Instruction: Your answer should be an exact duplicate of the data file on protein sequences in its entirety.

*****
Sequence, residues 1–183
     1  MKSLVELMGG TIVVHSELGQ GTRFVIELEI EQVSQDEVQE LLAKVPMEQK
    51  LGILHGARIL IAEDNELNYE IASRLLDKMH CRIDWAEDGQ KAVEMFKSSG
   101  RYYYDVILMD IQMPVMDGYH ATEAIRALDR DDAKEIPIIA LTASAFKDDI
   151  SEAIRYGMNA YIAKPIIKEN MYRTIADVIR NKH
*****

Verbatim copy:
Sequence, residues 1–183
     1  MKSLVELMGG TIVVHSELGQ GTRFVIELEI EQVSQDEVQE LLAKVPMEQK
    51  LGILHGARIL IAEDNELNYE IASRLLDKMH CRIDWAEDGQ KAVEMFKSSG
   101  RYYYDVILMD IQMPVMDGYH ATEAIRALDR DDAKEIPIIA LTASAFKDDI
   151  SEAIRYGMNA YIAKPIIKEN MYRTIADVIR NKH